If you are one of those who are concerned about honeybee populations, help them by leaving the weeds to grow. Ecologists warn us to allow the dandelions to grow this upcoming spring.
Jane Memmott is the new president of the oldest ecological society in the world and at the beginning of her tenure, she reminded us how important is to live in harmony with nature. If we want to contribute to a better future of our environment, we need to keep our lawn pollinator-friendly.
Memmott admits that when she cuts the grass in her lawn she mows around the dandelions and buttercups, because “you can’t personally help tigers, whales, and elephants, but you really can do something for the insects, birds, and plants that are local to you.”
“Think about what you’ve had for breakfast. The pumpkin seeds in your muesli, apples, whatever made the marmalade on your toast, or even the coffee beans and tea leaves that make up your morning cuppa—all of these products rely on pollinators to survive and thrive.”
The origins of lawn carefulness were dismissed by the new leader of the British Ecological Society. She believes most Americans can agree with what she witnessed in England:
“This whole business of keeping your lawn clipped and pulling the weeds out is part of some British obsession with tidiness.”
Whatever plants you choose to grow in your balcony garden, front or back garden, lawn, or in a community allotment, will directly impact your local ecology.
Memmott advises a few rules if you decide to plant pollinators- do not plant too many pom pom-shaped flowers, as they put energy into petal production and won’t produce enough nectar and pollen. Any plant that has nectar and pollen parts that can be seen without pulling the petals is usable for pollinators.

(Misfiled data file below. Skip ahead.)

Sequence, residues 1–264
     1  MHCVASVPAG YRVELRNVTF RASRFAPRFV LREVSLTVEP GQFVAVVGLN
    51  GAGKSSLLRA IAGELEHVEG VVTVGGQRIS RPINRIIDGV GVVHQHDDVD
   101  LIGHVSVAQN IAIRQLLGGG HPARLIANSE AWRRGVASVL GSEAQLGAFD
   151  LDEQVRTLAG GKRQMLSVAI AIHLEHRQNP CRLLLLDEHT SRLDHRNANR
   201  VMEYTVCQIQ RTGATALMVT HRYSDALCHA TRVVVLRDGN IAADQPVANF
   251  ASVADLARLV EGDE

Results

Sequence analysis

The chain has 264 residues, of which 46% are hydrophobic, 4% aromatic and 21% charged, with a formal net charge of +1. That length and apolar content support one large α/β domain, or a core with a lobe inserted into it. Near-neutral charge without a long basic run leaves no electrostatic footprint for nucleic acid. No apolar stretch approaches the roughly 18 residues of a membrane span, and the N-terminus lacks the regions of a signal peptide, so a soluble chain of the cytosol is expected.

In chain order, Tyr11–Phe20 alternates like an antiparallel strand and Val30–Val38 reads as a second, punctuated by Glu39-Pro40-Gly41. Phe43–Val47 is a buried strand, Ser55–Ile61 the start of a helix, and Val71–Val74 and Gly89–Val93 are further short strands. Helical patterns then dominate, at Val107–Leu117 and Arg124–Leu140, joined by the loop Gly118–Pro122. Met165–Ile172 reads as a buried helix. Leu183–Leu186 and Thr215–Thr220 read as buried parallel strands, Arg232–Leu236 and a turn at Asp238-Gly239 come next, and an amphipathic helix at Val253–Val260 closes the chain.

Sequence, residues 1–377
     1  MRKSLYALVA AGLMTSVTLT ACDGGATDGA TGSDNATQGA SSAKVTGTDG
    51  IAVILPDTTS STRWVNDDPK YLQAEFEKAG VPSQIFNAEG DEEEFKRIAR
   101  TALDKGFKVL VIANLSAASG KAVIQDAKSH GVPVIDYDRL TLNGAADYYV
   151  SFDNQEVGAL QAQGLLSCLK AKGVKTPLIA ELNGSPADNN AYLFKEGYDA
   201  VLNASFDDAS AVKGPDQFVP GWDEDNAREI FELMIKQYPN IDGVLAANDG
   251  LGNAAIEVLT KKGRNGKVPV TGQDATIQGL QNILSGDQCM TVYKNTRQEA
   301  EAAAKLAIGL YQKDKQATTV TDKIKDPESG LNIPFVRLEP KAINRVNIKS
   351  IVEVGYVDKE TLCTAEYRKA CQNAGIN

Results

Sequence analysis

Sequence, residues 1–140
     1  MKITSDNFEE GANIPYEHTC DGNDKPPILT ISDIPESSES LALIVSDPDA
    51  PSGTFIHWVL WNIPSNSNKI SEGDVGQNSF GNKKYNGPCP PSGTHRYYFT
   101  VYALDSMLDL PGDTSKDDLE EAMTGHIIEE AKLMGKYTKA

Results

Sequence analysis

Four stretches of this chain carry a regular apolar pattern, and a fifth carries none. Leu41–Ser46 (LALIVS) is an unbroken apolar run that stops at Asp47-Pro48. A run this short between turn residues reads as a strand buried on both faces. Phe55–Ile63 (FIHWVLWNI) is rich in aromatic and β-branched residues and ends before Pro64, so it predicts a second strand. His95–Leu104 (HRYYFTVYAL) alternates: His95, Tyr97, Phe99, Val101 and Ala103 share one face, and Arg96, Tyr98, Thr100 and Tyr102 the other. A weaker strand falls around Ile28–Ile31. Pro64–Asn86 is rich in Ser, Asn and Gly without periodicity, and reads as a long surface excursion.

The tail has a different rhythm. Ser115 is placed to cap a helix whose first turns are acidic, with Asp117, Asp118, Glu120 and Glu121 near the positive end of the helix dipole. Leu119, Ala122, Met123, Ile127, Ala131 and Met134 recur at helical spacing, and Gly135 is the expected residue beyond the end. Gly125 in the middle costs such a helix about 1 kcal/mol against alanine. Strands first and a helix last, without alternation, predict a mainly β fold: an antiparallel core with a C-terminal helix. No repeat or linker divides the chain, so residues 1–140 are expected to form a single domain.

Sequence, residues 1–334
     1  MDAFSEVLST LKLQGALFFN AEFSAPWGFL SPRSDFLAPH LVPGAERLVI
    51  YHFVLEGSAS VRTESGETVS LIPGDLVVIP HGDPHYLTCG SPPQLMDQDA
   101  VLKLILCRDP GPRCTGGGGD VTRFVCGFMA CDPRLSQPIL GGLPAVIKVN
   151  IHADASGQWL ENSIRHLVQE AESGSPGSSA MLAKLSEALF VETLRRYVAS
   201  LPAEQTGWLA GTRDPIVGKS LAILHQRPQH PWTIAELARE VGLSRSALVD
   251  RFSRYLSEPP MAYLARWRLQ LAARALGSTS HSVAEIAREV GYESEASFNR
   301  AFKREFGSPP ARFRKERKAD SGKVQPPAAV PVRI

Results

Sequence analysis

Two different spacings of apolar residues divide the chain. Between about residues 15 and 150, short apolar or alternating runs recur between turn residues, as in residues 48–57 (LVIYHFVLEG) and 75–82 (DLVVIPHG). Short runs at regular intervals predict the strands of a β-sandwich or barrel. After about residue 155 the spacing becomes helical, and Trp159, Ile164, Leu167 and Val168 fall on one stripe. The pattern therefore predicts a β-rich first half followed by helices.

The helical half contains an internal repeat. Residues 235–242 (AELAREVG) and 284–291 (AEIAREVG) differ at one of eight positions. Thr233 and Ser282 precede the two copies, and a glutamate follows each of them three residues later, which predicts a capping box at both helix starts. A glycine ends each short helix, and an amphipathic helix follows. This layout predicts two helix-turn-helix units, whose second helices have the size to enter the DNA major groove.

“Dandelions are fantastic for early season pollinators. The UK has about 270 species of solitary bee and they love dandelions.”
She adds that if they weren’t commonly found everywhere, people would be fighting to collect and plant them.
But not only will bees benefit from our interaction with ecology in everyday life- so will we.
Scientists approve this idea, saying that if you act with kindness and contribute in nature, it will repay you many times over. Studies have shown that people, who regularly visit natural settings like town parks, beaches, or mountains, are more likely to have higher physical and psychological wellbeing. One case-control study made in the UK shows that, by gardening, peoples’ mood, self-esteem, and confidence were improved.
Another study on well-being form Wildlifetrusts.org explains how a person being present in various natural settings, whether it is a room with a few houseplants to a forest, can reduce anxiety and stress. It can also improve the well-being and mood, immunity, physical fitness, and can even reduce ADHD symptoms in children as well as symptoms of criminal activity.